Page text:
What's perhaps more important to note here is that, because it has not been manufactured with the NM standard in mind nor submitted for this testing, we simply don't know whether or not it meets the standard. Perhaps the insulation would not meet the smoke characteristics. Or perhaps the cable can not be made to terminate safely on certain styles of NM-compatible circuit breakers. Without the testing, we don't know, nor do we have proper instructions for connecting it, and therefore can not conclude that such installations are safe.
Particularly problematic here are home-brew bastardizations wherein marine components have been intermixed with residential components. While not code-compliant, an installation using 100% marine materials and conforming to ABYC guidelines (see below) such as Clifford described would likely be safer than such a mixed system.
Electrical on a bus is a cake walk compared to boat RV codes will allow Romex and real cheap @$# fixtures,switches and plugs ...
OK, I just had to respond to this piece, too, because it makes it sound like the RV code is more lax than the practice in the marine industry.
The fact is, there are no codes whatsoever
for pleasure boats. None, zip, zero, nada, period. You can wire your boat with baling wire on knob-and-tube if you want, and there is not a thing anyone can do about it. Lots of people and agencies would like to see this changed, because boat fires due to faulty electrical installations are fairly common and deadly (and, in a marina, much more likely to spread to neighboring vessels).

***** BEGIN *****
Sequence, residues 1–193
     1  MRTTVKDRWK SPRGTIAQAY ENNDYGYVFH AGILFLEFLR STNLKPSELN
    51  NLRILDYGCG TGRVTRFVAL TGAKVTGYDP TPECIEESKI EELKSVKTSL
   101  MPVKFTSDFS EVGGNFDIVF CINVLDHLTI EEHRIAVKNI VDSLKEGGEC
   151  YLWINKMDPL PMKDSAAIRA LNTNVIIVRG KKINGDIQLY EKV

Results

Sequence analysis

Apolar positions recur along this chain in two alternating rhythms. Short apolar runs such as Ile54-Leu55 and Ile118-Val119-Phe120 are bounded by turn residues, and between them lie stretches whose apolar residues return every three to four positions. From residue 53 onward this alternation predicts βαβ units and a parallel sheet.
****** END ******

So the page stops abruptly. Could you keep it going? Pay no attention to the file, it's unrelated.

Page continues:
The closest thing we have in the pleasure boat industry to a "code" is a set of guidelines promulgated by the American Boat and Yacht Council (ABYC). Unlike the NEC for shore-side facilities, which is law in most jurisdictions and thus subject to legal enforcement, these ABYC guidelines are 100% voluntary. I personally know of no pleasure boat manufacturer that follows the ABYC guidelines to the letter in their entirety, and even fewer aftermarket installers, including boat owners. Some of you may know that I am shopping for a boat right now, and I have seen every conceivable kind of unsafe wiring on boats, including circuits with no fuses or breakers at all, and some of it was done at the factory. Think about that the next time your buddy takes you deep-sea fishing.
FWIW, the fixtures, switches, and receptacles used on most pleasure boats are exactly the same "cheap @$#" ones used by the high-end RV industry -- the ones you buy in the bulk pack at Home Depot. (Lower-end RVs use "integrated devices," which are a PITA but not inherently bad). And I would argue that Type NM cable (aka "Romex®") is not any better or worse than Boat Cable when used properly for the intended purpose, just less expensive. Both types will fail if installed improperly, and both types are subject to most of the same limitations and susceptibility to physical damage.
As Clifford says, this subject has been beaten to death here in the past. Lot's of people have the opinion that boat cable is somehow better than NM and therefore they consider it safer to use, code be damned. I can probably argue that braided stainless hoses with aircraft fittings are inherently safer to use than DOT nylon air brake line, too, but if the hose is not stamped DOT it's not legal. Probably no one will notice unless someone dies, and then all hell will break loose.